depends on the accuracy of (E) value. Determining the

Where:

n : number of sub-layers

accurate value of soil elastic modulus of each sub-layer

Proposed model is shown in figure (2). Applying experimentally is a long, difficult and expensive process. The

conservation energy principal,

other option is to estimate the value of (E) based on the

Where:

Hence,

Test (SPT) or Cone Penetration Test (CPT).

: the vertical deformation

=

. (2)

estimate the enhancement of soil strength by calculating the

post-compaction void ratio. (Refer to figure (3))

(eo - e) =

=

e = eo -

26

=

(1+eo)

(1+eo)

. (4)

ISSN: 2277-3754

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International Journal of Engineering and Innovative Technology (IJEIT)

Volume 5, Issue 5, November 2015

0.35 N + 27

Dr

0.12

E (t/m2)

3 N2.5

2

qc (t/m )

50 N

Vs (m/s)

110

. (7)

. (8)

. (9)

. (10)

. (11)

and (SPT) test, after Wair [15]

results such as (SPT) or (CPT), hence; it could be used to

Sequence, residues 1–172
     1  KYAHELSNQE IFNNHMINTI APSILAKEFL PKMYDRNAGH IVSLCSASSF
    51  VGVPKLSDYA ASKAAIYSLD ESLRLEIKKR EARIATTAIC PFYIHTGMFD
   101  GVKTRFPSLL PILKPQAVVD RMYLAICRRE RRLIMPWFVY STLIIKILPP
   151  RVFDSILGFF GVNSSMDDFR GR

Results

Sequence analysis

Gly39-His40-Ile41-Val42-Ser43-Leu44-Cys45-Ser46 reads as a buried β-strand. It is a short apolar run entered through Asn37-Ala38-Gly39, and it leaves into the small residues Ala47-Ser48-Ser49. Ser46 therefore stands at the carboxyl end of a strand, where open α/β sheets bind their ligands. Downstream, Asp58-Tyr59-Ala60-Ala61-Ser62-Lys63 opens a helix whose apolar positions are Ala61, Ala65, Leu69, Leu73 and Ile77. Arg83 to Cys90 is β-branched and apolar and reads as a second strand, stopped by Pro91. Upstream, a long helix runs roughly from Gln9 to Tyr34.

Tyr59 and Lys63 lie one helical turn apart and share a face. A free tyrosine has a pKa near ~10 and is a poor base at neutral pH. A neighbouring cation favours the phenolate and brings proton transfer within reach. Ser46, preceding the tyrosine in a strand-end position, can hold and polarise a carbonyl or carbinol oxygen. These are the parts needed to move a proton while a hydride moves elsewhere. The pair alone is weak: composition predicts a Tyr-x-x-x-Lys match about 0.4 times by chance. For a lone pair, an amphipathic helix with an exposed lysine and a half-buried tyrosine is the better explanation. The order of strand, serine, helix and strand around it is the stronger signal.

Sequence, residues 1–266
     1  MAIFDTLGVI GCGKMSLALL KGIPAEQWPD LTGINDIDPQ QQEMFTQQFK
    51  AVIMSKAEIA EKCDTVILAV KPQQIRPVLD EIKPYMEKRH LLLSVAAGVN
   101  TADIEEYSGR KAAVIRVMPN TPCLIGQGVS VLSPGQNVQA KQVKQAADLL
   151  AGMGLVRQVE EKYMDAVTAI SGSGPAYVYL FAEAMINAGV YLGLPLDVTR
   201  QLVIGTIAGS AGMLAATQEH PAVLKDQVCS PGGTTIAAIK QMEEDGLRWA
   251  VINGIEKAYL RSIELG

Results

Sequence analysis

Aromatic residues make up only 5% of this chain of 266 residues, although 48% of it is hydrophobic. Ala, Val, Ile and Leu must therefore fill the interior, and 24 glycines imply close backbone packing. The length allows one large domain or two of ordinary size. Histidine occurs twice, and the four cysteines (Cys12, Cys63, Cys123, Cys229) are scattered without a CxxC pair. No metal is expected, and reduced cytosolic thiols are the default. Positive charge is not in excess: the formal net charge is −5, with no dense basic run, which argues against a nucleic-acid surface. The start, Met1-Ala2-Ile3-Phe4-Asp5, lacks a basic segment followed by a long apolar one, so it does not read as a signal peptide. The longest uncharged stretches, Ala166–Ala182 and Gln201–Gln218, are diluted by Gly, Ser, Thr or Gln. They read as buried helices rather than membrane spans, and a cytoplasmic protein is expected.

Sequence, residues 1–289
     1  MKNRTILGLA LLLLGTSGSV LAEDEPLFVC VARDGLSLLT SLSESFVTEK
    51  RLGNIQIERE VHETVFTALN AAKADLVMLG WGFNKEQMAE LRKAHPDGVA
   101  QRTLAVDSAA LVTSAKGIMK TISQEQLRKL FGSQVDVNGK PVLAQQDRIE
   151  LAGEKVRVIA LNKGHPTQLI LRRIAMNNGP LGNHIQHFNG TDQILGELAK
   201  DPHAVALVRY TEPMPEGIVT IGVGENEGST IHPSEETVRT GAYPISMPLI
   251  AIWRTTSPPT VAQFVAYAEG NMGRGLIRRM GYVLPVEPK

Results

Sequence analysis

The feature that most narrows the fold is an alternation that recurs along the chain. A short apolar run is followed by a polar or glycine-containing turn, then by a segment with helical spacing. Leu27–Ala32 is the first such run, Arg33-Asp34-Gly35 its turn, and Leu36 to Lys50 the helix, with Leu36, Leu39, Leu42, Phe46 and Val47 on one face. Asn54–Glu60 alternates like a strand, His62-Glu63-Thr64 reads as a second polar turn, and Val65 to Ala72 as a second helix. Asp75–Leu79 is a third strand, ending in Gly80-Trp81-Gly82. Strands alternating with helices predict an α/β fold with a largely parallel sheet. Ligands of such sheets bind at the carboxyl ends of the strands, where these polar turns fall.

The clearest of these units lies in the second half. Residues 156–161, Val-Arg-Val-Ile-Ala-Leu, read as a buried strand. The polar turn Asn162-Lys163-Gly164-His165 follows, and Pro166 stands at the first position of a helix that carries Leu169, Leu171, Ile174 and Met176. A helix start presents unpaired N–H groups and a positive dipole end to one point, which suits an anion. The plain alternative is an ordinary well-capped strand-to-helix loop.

update the elastic modulus of the model after each drop. This

technique allows simulating the actual non-linear behavior of

the soil. Both pre and post compaction soil condition (or

strength) determined by site investigation could be presented

in terms of different parameters based on the type of applied

field tests. Those parameters could be void ratio (e), dry

density (dry), angle of internal friction (), relative density

(Dr), or shear wave velocity (Vs). It is not practical to

develop different equations for each type of field test, instead,

one set of equations is developed to describe soil behavior

under dynamic compaction using standard penetration test

(SPT) and other parameters could be correlated to (SPT)

using empirical formulas. Many geotechnical codes and

handbooks presented guide values for soil parameters and